The Last Mile 

When the Internet grocer Webvan opened a distribution center in East Oakland, it seemed that some of the area's e-commerce riches were beginning to trickle down to street level. Now, employees wonder if the salad days are over.

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The Webvan executives who remain insist their business formula will still work, and that the company's recent travails have more to do with outside factors--the dip in the economy, the current skittishness of investors, and the sluggishness of consumers to warm up to online shopping--than with flaws in Webvan's model. "We've always had a business plan and a path to profitability, whereas the majority of Internet companies just slapped [a plan] together, raised tons of money and said, 'Don't worry about it, that'll come later,'" says spokesperson Amy Nobile, a member of Webvan's new PR team. Webvan's model can and will turn a profit, she says, but they have to start over on a smaller scale. "When the Internet started to boom, the priority [for venture capitalists] was, 'Show us you have a national plan, show us you can scale this and be a national player.' Having that national footprint and the plan to move into 26 cities was a big seller," she says. "Over time, obviously, priorities kind of shifted and the new demand was that you have to prove the model works, first, and then expand later."

Industry experts point to Webvan as well as fellow money-loser Amazon.com as the true litmus tests of whether or not e-commerce can succeed at all. (Amazon is the nation's largest online retailer; Webvan is the second largest.) Both of these companies are online mega-marts that expect to finally achieve profitability due to the sheer volume and variety of goods they offer. Now that the more narrowly defined e-merchants--the Wine.coms and the Pets.coms of the world -- have imploded, they say, there are few online competitors left to take on the likes of Webvan, which you can now use to buy anything from vegetables to books to beauty products to consumer electronics, not to mention wine and pet food.

Meanwhile, even if you were one of the many people who were secretly relieved that the Internet bubble burst, you should be pulling for Webvan. Unlike other dot-coms, bankruptcy for Webvan doesn't just mean pink slips for techies and administrators--Webvan employs hundreds of truck drivers, warehouse workers, meat cutters, and other manual laborers, many of them recruited from the Oakland neighborhoods that surround the Webvan DC. These were the very people whom the political left fretted might be left out of the Bay Area's tech boom--the people for whom the economic surge of the last two years mostly meant rising rents and gentrification. This is a place where the wealth is actually beginning to trickle down.

As for me, I just wanted to get into the DC, which in my imagination was not unlike the Willy Wonka Chocolate Factory. "Reporters often ask that," muses Nobile when I try to delicately raise the Wonka question. She is nice about it, but she points out, very firmly, "There is no chocolate pond." Nevertheless, it did not disappoint.

The Oakland distribution center is a squat, gray concrete building just a few blocks away from the Coliseum, and if you want to really see it in action, you have to get there well before 6:00 a.m., when most of the day's orders are being packed for delivery and the joint is truly hopping. You should bring a parka, because the warehouse is cold. You should also be prepared to shout, because the interior reverberates with a constant rushing noise, the sound of massive refrigeration at work.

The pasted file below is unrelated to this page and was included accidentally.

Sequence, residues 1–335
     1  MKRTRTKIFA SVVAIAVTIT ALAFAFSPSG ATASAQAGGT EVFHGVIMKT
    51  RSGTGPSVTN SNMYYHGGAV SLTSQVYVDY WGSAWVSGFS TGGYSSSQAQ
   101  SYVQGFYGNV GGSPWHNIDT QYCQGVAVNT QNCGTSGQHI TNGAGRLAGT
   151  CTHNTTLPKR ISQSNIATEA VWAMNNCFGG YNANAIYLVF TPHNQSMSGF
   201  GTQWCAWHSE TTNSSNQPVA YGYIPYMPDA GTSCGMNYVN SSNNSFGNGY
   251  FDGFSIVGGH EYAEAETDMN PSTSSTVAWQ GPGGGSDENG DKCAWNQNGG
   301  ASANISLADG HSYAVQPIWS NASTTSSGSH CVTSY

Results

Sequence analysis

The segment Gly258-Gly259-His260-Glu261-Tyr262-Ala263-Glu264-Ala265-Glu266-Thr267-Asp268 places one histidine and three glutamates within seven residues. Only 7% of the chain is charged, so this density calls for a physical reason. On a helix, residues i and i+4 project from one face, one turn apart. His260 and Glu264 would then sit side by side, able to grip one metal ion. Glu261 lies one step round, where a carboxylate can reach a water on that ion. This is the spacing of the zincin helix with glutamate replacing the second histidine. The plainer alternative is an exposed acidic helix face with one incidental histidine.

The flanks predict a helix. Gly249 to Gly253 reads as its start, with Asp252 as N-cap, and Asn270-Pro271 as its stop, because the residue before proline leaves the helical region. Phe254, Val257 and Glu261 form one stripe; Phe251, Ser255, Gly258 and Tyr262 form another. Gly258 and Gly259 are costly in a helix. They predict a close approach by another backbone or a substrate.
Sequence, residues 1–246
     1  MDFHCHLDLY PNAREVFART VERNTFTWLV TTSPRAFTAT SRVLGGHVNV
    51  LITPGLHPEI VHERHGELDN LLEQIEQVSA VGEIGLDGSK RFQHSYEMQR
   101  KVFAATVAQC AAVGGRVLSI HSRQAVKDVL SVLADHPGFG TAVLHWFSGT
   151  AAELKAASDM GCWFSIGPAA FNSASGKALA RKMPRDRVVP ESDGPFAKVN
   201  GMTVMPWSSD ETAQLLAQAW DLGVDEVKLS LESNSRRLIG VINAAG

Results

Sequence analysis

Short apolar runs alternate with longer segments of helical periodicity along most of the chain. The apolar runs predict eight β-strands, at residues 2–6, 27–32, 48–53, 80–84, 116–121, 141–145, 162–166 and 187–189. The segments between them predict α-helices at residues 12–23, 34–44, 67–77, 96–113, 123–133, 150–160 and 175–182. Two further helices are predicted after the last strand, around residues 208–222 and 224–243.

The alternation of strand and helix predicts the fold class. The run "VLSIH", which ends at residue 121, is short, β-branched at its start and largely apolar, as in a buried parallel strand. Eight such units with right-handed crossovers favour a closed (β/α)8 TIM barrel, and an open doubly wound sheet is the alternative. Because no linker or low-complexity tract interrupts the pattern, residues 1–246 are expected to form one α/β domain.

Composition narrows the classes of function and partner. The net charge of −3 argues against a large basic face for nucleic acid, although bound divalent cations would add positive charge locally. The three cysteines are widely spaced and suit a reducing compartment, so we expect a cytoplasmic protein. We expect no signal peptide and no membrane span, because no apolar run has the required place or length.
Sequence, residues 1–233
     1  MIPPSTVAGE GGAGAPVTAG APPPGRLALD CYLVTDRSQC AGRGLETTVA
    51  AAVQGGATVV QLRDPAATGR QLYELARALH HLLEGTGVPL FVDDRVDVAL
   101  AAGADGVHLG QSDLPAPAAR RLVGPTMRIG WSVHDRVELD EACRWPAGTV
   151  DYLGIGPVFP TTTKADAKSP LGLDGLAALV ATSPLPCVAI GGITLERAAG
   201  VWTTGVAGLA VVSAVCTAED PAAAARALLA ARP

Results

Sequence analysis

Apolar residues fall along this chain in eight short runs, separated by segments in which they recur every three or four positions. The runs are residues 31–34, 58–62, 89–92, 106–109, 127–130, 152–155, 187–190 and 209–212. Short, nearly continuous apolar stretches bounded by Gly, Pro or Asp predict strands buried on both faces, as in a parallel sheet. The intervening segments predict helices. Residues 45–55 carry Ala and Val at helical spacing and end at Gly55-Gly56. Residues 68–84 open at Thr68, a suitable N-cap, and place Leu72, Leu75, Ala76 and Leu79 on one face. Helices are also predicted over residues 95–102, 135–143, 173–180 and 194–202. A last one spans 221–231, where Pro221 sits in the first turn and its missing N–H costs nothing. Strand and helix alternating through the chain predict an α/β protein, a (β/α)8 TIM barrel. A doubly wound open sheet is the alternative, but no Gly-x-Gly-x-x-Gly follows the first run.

At first blush, the interior of the Webvan DC looks quite a bit like the inside of your neighborhood Costco, with its giant pallets of soft drinks and dog food bags stacked four tiers high near the entryway. What is more striking is the tangle of silver conveyor belt--over four miles of it--that runs around, over, and underneath everything and must be crossed using a series of yellow-painted stairs and catwalks. Along the way, the belt is equipped with photo eyes that read bar codes. Bins of groceries passing by the photo eye are scanned, a mainframe computer figures out which way each one should be going, and they are accordingly nudged this way or that on their journey. Webvan prides itself on being so full automated that humans rarely handle the produce. I am so busy gazing at the interplay of moving parts that general manager Matthew Mahood, who is doing duty as tour guide, has to gently nudge me out of the way of an approaching forklift.

The roller-coaster conveyor belt inside the DC is designed to sort Webvan's merchandise according to its weight, humidity needs, and--most obviously--the temperature at which it must be kept. Ambient, or room-temperature items, are packed into yellow bins and head stage right on the conveyor system; chilled items are packed into green bins and exit stage left towards the refrigerated portion of the building. Freezer items (blue bins) are maintained at a temperature of minus 20 degrees. Workers in this part of the DC wear full-body "freezer suits"--olive-colored padded jumpsuits that reach all the way over the tops of their heads--and work in fifty-minute shifts with warm-up breaks in between. Everyone else gets a Webvan fleece jacket; here and there you can see people with woolen gloves stuffed underneath their sanitary latex ones.

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